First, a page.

Patients on dialysis are miserable and when you get them off dialysis, they’re so happy that they’re no longer on dialysis. They’re happy they don’t have to go there three days a week.

[25:45] General Surgery Work vs. Transplant Cases

If you go to a transplant center that does a small volume of kidney transplants per year (no liver, no pancreas), you’ll probably end up doing more general surgical calls.

If two or three surgeons do 60 to 70 kidney transplants a year and nothing else, you’re probably going to end up doing more general surgery calls. If you go to a transplant program that does 100 liver transplants a year or 300 kidney transplants a year, and you’re going to be doing liver and kidney transplants, you’re probably going to be busy enough just doing transplants.

You won’t be doing a lot of general surgery, but you’ll be doing some general surgery on your transplant patients. If they come in with certain small bowel obstruction or something, you end up operating on those patients.

For the most part, it depends on how busy the center is where you get your job. So if it’s low volume, you will probably do more general surgical stuff, and if there’s higher volume, probably less.

'Coming out of a program, you really don't want to be starting your own program coming out of your fellowship.'Click To Tweet

[27:42] The Most and Least Liked Things

David likes the multidisciplinary aspect of the field. In transplant, you have to work with nephrologists, hepatologists, dieticians, social workers, and coordinators. And you have to determine whether or not someone’s a suitable candidate for transplant before you even decide to do an operation on them.

He loves having that multidisciplinary approach because you work with great people in the medical subspecialties. 

“Bringing in other team members is very valuable.”Click To Tweet

On the flip side, what David likes the least about the specialty, he says, is that as you get older, there’s an uncertainty of when you’re going to be doing a transplant. When you’re hungry and you come out of fellowship, and you just want to do a lot of surgery, the uncertainty doesn’t affect you as much. You’re always not sure when you’ll be doing surgery.

In other subspecialties, you set your cases on Mondays, Wednesdays, and Thursdays. And that’s when you know you’re doing surgery. But in transplant, you do have to commit to the uncertainty. And when you’re on call, it’s tough to make plans with your family.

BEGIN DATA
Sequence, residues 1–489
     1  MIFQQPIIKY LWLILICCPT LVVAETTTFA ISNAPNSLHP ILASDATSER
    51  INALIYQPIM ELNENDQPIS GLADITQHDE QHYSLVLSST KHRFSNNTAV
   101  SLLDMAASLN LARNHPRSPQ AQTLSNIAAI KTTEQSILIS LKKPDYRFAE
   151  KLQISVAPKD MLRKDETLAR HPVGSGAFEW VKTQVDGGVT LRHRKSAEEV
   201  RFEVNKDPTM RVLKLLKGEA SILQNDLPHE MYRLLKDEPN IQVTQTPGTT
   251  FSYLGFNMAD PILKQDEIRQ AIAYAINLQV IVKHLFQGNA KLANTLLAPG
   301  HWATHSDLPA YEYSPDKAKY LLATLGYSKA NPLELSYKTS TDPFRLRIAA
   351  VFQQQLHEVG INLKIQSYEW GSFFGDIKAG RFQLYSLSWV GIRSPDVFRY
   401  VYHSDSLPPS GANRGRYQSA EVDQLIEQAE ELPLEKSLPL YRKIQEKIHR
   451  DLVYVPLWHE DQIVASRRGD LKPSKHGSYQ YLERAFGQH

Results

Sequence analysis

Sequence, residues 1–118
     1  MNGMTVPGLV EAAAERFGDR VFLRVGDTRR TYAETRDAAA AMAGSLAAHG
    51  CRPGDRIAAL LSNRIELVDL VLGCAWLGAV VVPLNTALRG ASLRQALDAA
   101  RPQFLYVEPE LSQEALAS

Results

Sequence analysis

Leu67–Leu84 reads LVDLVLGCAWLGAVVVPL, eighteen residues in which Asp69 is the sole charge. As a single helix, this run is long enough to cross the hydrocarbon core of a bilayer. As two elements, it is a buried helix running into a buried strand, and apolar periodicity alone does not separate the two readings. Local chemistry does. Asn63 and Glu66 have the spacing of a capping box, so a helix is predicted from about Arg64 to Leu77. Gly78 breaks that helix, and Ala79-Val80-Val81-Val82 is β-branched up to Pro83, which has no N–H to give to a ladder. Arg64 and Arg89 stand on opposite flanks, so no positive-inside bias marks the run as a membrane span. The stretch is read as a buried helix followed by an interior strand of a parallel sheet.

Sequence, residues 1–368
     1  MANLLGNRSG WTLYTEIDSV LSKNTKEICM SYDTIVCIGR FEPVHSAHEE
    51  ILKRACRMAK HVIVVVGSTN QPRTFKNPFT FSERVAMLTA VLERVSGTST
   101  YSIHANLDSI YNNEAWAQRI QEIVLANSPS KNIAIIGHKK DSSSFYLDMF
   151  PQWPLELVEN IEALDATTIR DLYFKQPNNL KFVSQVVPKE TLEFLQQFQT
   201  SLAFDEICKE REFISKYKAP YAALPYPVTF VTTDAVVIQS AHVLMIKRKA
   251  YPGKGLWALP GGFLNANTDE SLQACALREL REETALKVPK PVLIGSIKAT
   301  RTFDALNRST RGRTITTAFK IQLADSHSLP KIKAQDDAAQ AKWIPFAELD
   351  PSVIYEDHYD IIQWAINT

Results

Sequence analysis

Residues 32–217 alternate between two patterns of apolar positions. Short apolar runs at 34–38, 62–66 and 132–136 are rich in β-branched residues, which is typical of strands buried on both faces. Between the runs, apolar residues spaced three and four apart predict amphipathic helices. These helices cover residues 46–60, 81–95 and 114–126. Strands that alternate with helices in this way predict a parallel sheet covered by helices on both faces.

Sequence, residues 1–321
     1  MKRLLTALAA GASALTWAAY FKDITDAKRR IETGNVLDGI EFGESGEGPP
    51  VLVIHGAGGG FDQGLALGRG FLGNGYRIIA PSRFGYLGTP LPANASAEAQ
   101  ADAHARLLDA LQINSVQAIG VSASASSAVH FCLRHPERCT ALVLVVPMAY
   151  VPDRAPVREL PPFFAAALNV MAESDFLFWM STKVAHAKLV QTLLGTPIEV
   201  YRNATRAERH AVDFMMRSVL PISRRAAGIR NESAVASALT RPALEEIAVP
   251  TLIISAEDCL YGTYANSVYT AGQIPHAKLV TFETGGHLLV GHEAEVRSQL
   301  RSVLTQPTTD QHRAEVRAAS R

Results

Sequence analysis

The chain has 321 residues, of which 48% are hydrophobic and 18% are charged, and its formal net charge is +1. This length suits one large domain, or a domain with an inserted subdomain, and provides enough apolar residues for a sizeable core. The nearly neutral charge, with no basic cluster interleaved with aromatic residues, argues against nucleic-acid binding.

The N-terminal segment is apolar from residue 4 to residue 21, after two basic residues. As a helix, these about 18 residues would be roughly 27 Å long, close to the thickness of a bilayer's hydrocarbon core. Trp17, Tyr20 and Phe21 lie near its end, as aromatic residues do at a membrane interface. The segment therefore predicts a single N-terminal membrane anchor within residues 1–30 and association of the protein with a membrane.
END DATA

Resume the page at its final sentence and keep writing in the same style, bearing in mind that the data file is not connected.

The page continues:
'There is an uncertainty to a career in transplant surgery that you don't see in other surgical subspecialties.' Click To Tweet

[30:57] What the Future Looks Like

Xenotransplantation uses pig kidneys and David says we are moving more towards being able to use pig kidneys in clinical transplantation. There are a bunch of barriers they need to get over there. They’re all immunological barriers, but he’s positive they can get there.

Additionally, the machine perfusion of organs has taken a big step over the last five years. It means that if you take out a liver, and you can perfuse it for 12 hours, you can be flexible in terms of when you’re scheduling the surgery. And you wouldn’t have to do them all in the middle of the night. They’re in the midst of clinical trials.

Other centers across the country are trying to assess the viability of a liver. They used to just preserve it with a cold preservation solution, which is the standard of care.

David adds that the wave of the future in the next five to ten years is the ex vivo or the out of the body perfusion of organs. They can resuscitate these organs and treat them with proteins or other therapies to make them work better.

They might go and recover an organ that they don’t think is suitable for transplant. But they can resuscitate them and make them better so they can do more transplants. It has a possibility of making their surgeries a little bit more elective during the day.

[33:07] Final Words of Wisdom

If he had to do it all over again, David says he would still have chosen abdominal transplant surgery. He has been doing this for 20 years and he still loves it.

Finally, to those who might be interested in this subspecialty, David recommends getting involved early. Even in medical school, if there’s time to do electives, try to do an elective at a transplant center or you can go into someone’s lab to do some transplant research. Certainly, as a surgical resident, you can also do that as well. Get involved in someone’s research and do a couple of years in the laboratory if possible.

Lastly, finding the right mentor at your institution would be key. Ask them what they think about transplant surgery. And David thinks that if you find the right role model, you’ll be addicted to it like they are. It could attract you right into the subspecialty.


Meded Media

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American Society of Transplant Surgeons